Book: The Year of Billy Miller
Author: Kevin Henkes
Age Range: 7 - 10
I had intended to pick up a copy of The Year of Billy Miller for a while when it received a Newbery Honor. This moved it higher up on my list, and I'm so glad that I read it.
We've been Kevin Henkes fans in my house for quite some time. We have a boxed set of little picture books about Lilly and her friends that we received when my daughter was born. Lilly's Chocolate Heart was one of the first books that she knew by heart, even though she could barely pronounce the words. These days, she frequently selects other picture books by Henkes from the library. We both adore Henkes' early reader series about Penny. I've only reviewed Penny and Her Doll, but we have them all.
So, when I heard that Henkes had written a book for slightly older readers, I had high hopes. The Year of Billy Miller does not disappoint. The book is, as you would expect, about a year in the life of a boy named Biller. Specifically, it's about Billy's second grade school year. Billy's confidence at the start of the year is a bit shaky. A fall has left him with a lump on his head, and he worries about whether or not he'll be smart enough (he does forget things). Being seated next to a bossy, braggy girl does not help matters. Billy's dad, who he calls Papa, tries to reassure him by declaring that this will be "the Year of Billy Miller." And in the end, of course, it is.
The Year of Billy Miller is a perfect book for kids who are ready to move beyond early readers and entry level chapter books, but aren't quite ready for true middle grade. Although it's longer than some books written for this age range, at 240 pages, and has fewer illustrations, the structure of the book helps to keep it accessible. As, of course, does Henkes' pitch-perfect understanding of the lives of second graders.
The book is divided into four sections, each featuring an important person in Billy's life (his teacher, his father, his little sister, and his mother). Each section consists of five short chapters. The print is wide-spaced, and there are small sketches mingled directly within the text, a few per chapter. The sentences are short, and the vocabulary is new-reader-friendly, but with some stretch words, too ("embedded", "plopped").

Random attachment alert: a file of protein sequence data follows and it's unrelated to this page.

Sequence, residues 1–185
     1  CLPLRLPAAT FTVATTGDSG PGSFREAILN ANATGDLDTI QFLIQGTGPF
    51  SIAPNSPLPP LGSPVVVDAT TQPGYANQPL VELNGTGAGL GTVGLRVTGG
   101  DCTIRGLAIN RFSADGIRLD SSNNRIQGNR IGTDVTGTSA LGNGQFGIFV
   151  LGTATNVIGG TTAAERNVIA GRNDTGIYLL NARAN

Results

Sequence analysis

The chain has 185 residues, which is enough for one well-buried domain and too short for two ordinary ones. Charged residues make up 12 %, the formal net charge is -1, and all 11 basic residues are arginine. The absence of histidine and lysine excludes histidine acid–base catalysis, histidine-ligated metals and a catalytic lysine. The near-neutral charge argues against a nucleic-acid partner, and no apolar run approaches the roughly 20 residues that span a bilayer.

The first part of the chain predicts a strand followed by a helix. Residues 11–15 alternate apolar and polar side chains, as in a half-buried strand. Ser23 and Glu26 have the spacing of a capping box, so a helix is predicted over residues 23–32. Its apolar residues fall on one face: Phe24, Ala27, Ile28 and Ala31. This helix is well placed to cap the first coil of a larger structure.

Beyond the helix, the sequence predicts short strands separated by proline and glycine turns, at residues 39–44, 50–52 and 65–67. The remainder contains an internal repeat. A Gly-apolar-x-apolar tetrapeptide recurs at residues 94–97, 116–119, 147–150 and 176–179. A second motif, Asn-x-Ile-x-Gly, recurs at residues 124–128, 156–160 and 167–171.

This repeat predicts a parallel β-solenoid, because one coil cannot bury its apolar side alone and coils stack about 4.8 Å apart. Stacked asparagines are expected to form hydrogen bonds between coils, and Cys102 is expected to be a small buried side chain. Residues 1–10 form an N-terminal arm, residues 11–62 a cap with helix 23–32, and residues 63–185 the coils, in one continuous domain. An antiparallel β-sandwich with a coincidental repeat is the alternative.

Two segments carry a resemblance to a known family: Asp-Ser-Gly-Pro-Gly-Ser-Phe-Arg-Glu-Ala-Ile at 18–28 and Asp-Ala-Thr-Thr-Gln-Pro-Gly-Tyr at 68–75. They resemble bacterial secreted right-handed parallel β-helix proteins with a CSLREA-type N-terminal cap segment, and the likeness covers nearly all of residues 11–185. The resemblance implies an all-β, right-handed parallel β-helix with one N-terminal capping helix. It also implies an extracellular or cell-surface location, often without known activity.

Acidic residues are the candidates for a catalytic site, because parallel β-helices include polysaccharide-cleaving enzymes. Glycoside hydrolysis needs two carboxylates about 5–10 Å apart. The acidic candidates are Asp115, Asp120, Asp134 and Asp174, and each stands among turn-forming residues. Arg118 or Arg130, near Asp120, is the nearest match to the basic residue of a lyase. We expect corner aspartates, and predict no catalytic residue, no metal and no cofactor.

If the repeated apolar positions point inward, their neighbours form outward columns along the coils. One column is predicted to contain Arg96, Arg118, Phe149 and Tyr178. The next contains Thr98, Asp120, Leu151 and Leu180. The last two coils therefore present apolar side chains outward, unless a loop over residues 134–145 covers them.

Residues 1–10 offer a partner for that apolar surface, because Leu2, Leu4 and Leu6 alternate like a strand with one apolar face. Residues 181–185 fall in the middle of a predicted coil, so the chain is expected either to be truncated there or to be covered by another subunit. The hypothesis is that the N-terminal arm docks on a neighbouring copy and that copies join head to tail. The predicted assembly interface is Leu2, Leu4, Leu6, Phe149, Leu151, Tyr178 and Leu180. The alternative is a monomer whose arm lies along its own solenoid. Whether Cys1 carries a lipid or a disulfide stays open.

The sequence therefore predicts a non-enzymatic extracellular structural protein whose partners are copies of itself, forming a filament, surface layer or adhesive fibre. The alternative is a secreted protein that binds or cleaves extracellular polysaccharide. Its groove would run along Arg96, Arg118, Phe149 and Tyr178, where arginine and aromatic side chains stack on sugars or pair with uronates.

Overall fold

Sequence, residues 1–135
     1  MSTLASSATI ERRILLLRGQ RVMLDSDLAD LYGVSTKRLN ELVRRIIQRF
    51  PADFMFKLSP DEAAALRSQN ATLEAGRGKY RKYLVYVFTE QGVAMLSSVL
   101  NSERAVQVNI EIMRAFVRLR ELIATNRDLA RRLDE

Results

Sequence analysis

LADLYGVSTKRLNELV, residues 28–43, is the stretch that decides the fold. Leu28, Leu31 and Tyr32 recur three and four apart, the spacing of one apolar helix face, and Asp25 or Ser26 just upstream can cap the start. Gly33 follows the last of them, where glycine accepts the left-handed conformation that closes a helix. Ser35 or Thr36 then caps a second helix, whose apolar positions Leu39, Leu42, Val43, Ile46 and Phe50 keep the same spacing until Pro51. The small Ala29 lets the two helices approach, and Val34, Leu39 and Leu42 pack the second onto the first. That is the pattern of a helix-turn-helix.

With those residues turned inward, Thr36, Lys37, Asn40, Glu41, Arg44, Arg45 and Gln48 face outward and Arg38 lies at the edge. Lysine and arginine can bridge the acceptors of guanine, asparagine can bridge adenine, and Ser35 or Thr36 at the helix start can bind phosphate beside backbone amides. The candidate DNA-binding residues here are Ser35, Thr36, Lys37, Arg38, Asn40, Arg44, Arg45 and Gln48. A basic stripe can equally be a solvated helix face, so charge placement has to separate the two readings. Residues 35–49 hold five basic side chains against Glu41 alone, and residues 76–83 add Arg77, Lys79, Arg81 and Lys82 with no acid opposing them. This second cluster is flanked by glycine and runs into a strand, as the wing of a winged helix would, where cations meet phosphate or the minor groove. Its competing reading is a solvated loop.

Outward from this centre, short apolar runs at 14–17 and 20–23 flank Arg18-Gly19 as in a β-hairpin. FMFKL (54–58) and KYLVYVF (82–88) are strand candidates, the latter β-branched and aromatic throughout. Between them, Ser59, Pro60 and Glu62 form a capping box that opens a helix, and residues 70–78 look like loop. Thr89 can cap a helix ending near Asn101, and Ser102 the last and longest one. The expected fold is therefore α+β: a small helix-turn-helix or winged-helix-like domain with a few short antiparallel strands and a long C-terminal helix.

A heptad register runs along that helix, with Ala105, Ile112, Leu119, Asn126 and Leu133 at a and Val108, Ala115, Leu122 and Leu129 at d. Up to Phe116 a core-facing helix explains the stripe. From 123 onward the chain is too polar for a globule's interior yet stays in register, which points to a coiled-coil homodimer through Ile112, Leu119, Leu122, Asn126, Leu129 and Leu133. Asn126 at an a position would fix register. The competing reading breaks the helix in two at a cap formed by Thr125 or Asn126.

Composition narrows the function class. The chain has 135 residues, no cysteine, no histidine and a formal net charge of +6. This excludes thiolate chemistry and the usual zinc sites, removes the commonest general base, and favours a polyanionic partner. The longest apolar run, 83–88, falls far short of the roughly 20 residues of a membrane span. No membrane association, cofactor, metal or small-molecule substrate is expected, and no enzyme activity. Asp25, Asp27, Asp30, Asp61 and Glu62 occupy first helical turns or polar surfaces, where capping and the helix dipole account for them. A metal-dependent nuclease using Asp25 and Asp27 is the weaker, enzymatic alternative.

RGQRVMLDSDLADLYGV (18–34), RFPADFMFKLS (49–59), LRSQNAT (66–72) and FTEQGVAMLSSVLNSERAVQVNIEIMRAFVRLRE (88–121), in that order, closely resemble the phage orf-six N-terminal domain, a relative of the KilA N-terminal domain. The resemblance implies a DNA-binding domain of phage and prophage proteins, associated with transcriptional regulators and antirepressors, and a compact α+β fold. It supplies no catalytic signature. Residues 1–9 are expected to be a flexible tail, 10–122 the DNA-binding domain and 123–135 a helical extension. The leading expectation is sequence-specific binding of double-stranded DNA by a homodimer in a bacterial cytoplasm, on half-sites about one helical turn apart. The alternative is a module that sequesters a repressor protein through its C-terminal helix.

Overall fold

The situations described in The Year of Billy Miller are ordinary and relatable. A misunderstanding with a teacher, a sister who damages an art project, a bout of late night fears. The situations are age-appropriate, but Henkes doesn't talk down to kids, either. Billy's father is grouchy when his art isn't going well. Billy gets blazingly angry at his sister sometimes. He figures out on his own the best way to deal with the annoying girl at school - he doesn't go to anyone for help.
Here are a few of my favorite quotes:
"Grace Cotter slipped into her chair. Billy had known Grace since kindergarten. She was so shy she seemed almost invisible. Like vacuums, her wide eyes were sucking in everything." (Page 21)
"There's a girl named Hamster in my class," he said.
"Boy or girl?" asked Papa.
"Maybe her parents are celebrities," said Papa. "They often give their kids unusual names."
"Huh?" said Billy. (Page 28)
"And Sal had asked Papa if she could please, please, please use glitter, which was kept in a secret hiding place out of her reach." (Page 64)
OK, those last two passages pleased me as an adult, I must admit. But all of it is kid-friendly. I also enjoyed seeing the occasional echo of Henkes' other books (the use of "Mama" and "Papa" for one thing). I think that readers who have grown up with Henkes' books will enjoy this, too.
In summary, I highly recommend The Year of Billy Miller. It would make a great classroom read-aloud for first or second graders, or a perfect bridge book for kids almost but not quite ready for more complex middle grade novels. This is a must-purchase for libraries (of course), but I'm glad that we have a copy to keep. I look forward to reading it with my daughter when she is just a little bit older. And to seeing her read it herself a bit after that. I hope that Henkes writes more books for this age range, and above, so that my daughter can grow up with his books.
Publisher: Greenwillow Books (@HarperChildrens)
Publication Date: September 17, 2013
Source of Book: Bought it
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